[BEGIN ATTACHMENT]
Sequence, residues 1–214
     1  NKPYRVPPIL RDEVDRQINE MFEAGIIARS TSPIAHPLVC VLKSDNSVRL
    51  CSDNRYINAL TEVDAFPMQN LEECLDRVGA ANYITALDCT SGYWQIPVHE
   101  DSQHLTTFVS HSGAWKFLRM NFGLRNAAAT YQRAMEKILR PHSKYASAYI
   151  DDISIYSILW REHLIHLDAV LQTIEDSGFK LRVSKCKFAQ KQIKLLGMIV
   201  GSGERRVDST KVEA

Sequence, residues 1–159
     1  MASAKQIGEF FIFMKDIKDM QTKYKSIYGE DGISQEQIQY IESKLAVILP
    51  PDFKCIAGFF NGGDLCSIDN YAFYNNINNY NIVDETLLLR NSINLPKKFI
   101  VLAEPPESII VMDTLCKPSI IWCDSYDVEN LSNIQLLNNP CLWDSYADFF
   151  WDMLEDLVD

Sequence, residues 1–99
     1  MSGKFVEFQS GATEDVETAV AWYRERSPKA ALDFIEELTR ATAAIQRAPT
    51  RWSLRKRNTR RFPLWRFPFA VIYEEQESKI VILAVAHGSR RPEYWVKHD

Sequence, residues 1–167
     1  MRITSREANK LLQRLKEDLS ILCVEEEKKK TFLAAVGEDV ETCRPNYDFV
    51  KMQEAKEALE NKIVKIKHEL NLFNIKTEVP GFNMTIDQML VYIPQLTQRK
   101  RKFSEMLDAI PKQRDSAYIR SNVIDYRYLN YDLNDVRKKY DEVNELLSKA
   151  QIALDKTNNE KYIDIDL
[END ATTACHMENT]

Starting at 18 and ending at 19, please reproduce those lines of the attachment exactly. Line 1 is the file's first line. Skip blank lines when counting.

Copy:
   101  RKFSEMLDAI PKQRDSAYIR SNVIDYRYLN YDLNDVRKKY DEVNELLSKA
   151  QIALDKTNNE KYIDIDL